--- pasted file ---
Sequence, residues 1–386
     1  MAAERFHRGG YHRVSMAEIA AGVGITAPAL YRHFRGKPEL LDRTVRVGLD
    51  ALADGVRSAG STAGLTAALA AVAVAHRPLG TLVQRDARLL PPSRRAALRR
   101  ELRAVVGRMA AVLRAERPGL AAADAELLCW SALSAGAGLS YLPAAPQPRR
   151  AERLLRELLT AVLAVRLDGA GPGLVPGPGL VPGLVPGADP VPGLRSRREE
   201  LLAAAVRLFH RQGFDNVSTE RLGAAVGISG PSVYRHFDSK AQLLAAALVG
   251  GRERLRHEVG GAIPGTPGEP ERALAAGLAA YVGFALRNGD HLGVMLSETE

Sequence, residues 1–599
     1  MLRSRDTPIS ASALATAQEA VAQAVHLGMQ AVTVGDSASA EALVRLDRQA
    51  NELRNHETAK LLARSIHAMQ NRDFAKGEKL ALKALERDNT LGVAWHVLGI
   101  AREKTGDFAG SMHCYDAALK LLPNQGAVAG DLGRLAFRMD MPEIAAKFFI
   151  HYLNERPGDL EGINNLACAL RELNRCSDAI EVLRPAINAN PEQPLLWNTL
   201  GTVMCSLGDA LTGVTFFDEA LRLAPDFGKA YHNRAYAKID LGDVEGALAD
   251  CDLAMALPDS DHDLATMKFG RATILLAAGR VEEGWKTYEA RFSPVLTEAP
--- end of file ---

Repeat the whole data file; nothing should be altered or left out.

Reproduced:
Sequence, residues 1–386
     1  MAAERFHRGG YHRVSMAEIA AGVGITAPAL YRHFRGKPEL LDRTVRVGLD
    51  ALADGVRSAG STAGLTAALA AVAVAHRPLG TLVQRDARLL PPSRRAALRR
   101  ELRAVVGRMA AVLRAERPGL AAADAELLCW SALSAGAGLS YLPAAPQPRR
   151  AERLLRELLT AVLAVRLDGA GPGLVPGPGL VPGLVPGADP VPGLRSRREE
   201  LLAAAVRLFH RQGFDNVSTE RLGAAVGISG PSVYRHFDSK AQLLAAALVG
   251  GRERLRHEVG GAIPGTPGEP ERALAAGLAA YVGFALRNGD HLGVMLSETE

Sequence, residues 1–599
     1  MLRSRDTPIS ASALATAQEA VAQAVHLGMQ AVTVGDSASA EALVRLDRQA
    51  NELRNHETAK LLARSIHAMQ NRDFAKGEKL ALKALERDNT LGVAWHVLGI
   101  AREKTGDFAG SMHCYDAALK LLPNQGAVAG DLGRLAFRMD MPEIAAKFFI
   151  HYLNERPGDL EGINNLACAL RELNRCSDAI EVLRPAINAN PEQPLLWNTL
   201  GTVMCSLGDA LTGVTFFDEA LRLAPDFGKA YHNRAYAKID LGDVEGALAD
   251  CDLAMALPDS DHDLATMKFG RATILLAAGR VEEGWKTYEA RFSPVLTEAP